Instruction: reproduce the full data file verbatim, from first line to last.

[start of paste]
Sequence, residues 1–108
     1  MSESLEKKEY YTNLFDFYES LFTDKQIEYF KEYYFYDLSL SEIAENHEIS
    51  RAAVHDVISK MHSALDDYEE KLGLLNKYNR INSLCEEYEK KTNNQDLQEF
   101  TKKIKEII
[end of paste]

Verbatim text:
Sequence, residues 1–108
     1  MSESLEKKEY YTNLFDFYES LFTDKQIEYF KEYYFYDLSL SEIAENHEIS
    51  RAAVHDVISK MHSALDDYEE KLGLLNKYNR INSLCEEYEK KTNNQDLQEF
   101  TKKIKEII